PAYDAY Workforce Solutions Blog

California Workers’ Comp Expanded for COVID-19, New Reporting Laws

On Sep 24, 2020

On September 17, Governor Newsom signed SB 1159 which establishes two new workers’ compensation presumptions applicable to most employers in California that experience a COVID-19 “outbreak” in the workplace. This has made it easier for employees who contract COVID-19 on the job to receive workers’ compensation benefits if specified criteria are met. The law also requires employers to promptly report potential coronavirus outbreaks to public health authorities. The statutes take effect immediately and remain in effect through January 1, 2023.

Read the full text of Bill 1383 HERE.


CalChamber provided the following summary on the background of this law:

As previously reported, in May, Governor Newsom issued a workers’ compensation executive order that created a rebuttable presumption that workers who contracted COVID-19 while working outside of their homes did so during employment.

Usually, employees need to present evidence to establish their illness or injury is work-related to qualify for benefits. This presumption shifts the burden of proof to employers. In other words, if certain criteria are met, it’s automatically presumed that the employee contracted COVID-19 during employment, making them eligible for the full range of workers’ compensation benefits.

Newsom’ executive order expired on July 5, 2020, but the California Legislature took up the baton, introducing multiple bills over the summer to address workers’ compensation. SB 1159 was the only bill passed and signed into law.


SB 1159 has three key components employers should be aware of.

First, it codifies the Governor’s executive order establishing a rebuttable presumption of work-relatedness for workers who contracted COVID-19 between March 19, 2020, and July 5, 2020.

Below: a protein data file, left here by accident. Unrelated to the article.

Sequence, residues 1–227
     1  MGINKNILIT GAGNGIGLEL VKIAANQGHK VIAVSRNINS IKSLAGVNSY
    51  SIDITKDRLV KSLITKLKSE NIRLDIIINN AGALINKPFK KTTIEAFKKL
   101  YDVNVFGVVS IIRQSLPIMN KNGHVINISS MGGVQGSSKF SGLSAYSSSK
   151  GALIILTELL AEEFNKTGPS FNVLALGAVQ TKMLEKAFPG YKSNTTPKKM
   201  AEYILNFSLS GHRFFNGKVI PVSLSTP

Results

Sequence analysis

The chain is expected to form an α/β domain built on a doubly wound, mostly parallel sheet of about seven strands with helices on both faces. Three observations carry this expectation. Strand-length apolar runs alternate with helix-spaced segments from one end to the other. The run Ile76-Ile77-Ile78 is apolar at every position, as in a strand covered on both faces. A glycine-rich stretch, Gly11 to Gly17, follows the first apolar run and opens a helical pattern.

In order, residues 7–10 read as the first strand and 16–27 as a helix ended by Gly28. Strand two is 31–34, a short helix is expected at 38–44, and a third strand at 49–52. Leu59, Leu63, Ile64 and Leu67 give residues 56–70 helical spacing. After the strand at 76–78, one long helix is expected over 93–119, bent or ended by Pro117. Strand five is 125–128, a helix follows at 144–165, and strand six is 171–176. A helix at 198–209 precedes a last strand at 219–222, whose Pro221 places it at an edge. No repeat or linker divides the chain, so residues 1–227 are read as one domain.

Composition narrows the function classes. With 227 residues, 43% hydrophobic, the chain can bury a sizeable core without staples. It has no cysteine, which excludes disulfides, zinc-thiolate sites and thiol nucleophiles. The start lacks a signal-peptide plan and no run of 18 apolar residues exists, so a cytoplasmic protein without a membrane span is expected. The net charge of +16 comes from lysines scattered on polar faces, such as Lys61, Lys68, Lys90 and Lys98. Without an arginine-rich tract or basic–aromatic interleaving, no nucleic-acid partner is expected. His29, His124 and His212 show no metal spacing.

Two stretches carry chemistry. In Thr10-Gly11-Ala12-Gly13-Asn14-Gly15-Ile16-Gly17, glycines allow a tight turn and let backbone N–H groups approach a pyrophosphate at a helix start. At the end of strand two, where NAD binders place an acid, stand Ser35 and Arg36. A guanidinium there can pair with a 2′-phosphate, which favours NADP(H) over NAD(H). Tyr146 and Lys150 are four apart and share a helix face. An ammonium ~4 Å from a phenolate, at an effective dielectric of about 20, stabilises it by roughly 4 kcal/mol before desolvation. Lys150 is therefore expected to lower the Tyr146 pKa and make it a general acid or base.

Next, the bill establishes a rebuttable presumption for first responders and health care personnel, including firefighters, peace officers, health facility employees that provide direct patient care, nurses, EMTs and in-home care providers. The law presumes covered workers contracted COVID-19 in the course of employment if the worker tests positive within 14 days of working at their place of employment, and the date worked was after July 6, 2020. The employer has 30 days to reject the claim.

Finally, the bill creates a presumption that applies to employers with five or more employees when there is a COVID-19 “outbreak” at the place of employment. Specifically, the new law presumes a worker who contracts COVID-19 did so while working if (1) they test positive within 14 days after working at their place of employment, (2) the date worked was after July 6, 2020, and (3) the positive test occurred during an “outbreak” at the employee’s place of employment. Employers have 45 days to reject a claim under this provision.

Definition of “Outbreak”

An “outbreak” exists if within 14 calendar days one of the following occurs at a specific place of employment:

  • If the employer has 100 employees or fewer: 4 employees test positive for COVID-19.
  • If the employer has more than 100 employees: 4% of the number of employees who reported to the specific place of employment test positive for COVID-19.
  • A specific place of employment is ordered to close by public authorities due to a risk of infection with COVID-19.

Reporting Requirements

When an employer with 5 or more employees “knows or reasonably should know” that an employee has tested positive for COVID-19, the employer must report the following to their workers’ compensation carrier within three business days:

  1. An employee has tested positive.
  2. The date that the employee tests positive (the date the specimen was collected for testing).
  3. The specific address or addresses of the employee’s specific place of employment during the 14-day period preceding the date of the employee’s positive test.
  4. The highest number of employees who reported to work at the employee’s specific place of employment in the 45-day period preceding the last day the employee worked at each specific place of employment.

Employer who intentionally submits false or misleading information or fails to submit information when reporting is subject to a civil penalty in the amount of up to $10,000.


The California State of Industrial Relations has published a list of frequently asked questions.

Click HERE to visit their page.

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